A sure sign that this bearing of 245 degrees may be off by a fair amount. 

If Quality drops below 1, the center dot in the pelorus will disappear and the reading will freeze until a good signal is received again.

The mode switch puts the RDF 41 in antenna test mode.
In this mode the RDF steps slowly through all 4 antennas, enabling the user to check if the performance of all four is similar.

In most situations there will be substantial difference in signal strength due to multipath reception.
A defect antenna though will clearly drop out compared to the rest.
Note that the numbering of the antennas is not absolute: The antenna called number 1 may physically be number 2 or 3 or 4, it depends on the moment you switch to antenna test mode.

The numbers are only there for you to recognize that one and the same antenna drops out in performance.
Which antenna that physically is can only be determined by measurement.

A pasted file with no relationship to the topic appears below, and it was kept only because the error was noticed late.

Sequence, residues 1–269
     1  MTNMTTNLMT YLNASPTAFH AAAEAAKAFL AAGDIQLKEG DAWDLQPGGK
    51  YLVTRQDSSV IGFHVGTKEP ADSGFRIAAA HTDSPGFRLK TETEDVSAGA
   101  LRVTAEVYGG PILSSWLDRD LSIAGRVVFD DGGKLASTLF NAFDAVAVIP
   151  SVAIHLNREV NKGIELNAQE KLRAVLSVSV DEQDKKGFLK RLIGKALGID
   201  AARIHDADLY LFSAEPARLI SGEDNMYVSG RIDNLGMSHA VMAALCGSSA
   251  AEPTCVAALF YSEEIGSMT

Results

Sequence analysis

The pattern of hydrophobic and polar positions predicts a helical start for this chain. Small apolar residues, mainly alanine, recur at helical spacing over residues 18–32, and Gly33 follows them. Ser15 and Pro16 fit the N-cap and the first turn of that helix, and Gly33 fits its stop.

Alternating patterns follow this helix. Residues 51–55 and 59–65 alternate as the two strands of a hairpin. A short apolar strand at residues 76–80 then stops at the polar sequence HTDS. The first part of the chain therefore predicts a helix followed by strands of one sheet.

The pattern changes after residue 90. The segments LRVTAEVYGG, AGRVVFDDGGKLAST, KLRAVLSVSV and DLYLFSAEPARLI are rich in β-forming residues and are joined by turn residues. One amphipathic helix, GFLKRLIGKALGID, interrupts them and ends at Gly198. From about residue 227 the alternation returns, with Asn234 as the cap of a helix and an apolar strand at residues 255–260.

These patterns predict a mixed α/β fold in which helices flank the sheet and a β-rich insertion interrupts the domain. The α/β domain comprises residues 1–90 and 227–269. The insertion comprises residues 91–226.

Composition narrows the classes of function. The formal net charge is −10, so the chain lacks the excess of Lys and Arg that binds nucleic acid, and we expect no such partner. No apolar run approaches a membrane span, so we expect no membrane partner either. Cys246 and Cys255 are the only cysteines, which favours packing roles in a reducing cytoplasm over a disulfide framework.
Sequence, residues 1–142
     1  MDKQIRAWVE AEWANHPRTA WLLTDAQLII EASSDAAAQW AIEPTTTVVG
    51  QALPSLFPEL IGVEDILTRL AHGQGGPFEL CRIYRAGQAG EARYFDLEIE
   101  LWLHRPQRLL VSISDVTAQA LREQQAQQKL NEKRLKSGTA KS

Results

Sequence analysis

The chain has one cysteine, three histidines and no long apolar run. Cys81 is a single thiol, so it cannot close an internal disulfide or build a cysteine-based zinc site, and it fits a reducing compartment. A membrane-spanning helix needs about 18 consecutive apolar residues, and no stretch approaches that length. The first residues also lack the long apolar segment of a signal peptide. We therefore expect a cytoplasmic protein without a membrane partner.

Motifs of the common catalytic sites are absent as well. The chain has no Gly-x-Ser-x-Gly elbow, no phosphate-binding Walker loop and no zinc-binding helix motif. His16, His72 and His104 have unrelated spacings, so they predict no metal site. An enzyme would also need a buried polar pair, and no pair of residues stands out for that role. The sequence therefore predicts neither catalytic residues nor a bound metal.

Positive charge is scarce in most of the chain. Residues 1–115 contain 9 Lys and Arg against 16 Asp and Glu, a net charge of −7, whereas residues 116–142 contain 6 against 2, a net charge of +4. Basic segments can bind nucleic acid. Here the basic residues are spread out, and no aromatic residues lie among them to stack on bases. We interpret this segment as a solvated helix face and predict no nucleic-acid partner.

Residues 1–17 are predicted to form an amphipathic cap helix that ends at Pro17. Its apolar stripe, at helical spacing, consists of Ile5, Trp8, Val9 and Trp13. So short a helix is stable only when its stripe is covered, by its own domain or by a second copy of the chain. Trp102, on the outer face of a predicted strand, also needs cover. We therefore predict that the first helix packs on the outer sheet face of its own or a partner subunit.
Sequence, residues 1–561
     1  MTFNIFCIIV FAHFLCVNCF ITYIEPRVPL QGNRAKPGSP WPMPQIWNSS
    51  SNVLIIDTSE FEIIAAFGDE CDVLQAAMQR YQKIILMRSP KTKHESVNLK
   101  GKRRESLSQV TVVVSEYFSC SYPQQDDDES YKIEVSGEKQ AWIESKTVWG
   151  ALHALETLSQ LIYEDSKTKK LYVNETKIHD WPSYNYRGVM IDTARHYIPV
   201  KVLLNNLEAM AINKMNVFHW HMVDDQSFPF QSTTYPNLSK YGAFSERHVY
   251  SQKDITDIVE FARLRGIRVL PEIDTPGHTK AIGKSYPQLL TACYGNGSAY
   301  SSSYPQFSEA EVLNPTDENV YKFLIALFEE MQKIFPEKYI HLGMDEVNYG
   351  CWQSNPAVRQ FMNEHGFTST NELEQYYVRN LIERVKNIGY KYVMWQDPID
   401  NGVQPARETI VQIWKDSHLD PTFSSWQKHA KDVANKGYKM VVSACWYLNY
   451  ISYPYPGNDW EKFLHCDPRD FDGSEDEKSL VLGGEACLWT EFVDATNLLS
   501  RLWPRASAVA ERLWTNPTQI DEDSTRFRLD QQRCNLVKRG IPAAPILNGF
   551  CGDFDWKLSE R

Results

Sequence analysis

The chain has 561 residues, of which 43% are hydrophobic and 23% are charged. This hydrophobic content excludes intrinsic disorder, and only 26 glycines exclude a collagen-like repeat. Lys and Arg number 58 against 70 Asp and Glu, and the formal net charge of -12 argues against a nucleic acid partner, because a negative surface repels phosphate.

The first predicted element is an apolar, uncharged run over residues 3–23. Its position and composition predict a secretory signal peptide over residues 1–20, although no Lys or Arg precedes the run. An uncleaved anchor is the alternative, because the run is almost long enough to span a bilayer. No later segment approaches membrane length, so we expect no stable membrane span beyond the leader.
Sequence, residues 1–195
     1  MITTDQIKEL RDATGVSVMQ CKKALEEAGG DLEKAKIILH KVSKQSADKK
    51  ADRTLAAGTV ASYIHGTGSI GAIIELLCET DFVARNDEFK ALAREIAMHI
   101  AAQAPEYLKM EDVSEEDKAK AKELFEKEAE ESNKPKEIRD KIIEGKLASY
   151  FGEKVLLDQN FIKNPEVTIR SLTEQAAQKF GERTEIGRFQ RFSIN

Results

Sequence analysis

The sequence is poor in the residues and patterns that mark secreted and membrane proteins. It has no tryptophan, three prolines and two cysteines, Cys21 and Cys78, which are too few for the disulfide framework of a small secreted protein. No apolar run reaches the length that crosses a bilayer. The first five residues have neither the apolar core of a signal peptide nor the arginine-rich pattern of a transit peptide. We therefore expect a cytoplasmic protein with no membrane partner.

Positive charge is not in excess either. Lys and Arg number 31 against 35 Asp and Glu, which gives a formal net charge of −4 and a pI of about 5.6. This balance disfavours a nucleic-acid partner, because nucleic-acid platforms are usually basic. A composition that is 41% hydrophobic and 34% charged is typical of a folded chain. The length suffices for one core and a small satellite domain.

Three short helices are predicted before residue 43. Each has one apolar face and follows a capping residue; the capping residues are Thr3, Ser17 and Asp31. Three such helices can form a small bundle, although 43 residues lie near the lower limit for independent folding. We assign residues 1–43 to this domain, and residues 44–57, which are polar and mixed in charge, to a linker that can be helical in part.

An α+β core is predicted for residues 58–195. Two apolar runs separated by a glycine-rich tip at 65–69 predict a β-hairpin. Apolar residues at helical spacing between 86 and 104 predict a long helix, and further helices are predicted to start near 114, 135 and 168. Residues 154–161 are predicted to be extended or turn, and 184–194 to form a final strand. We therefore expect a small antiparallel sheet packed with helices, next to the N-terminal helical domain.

Housing considerations:

A nice enclosure for the RDF is Conrad # 523232, measuring 103x56x168mm, offering plenty of room for all parts.
But of course many types of housing will do. I made one out of one sided PCB sheet.
Below you see a compact plastic enclosure which -after some adaptions- does the job.
I checked for RF leaks through that plastic housing, but the level of RF leaking to your receiver is pretty low, so nothing to worry about.
If you want to send bearings to a computer you should  keep the on-board USB connector close to the right hand side of the housing,
so the USB is accessable through an opening in the side panel. I simply drilled a 20mm hole in the side for that purpose.

The calibration potentiometer is an essential control; it will enable you to make the RDF point into the right direction regardless of the orientation of your array.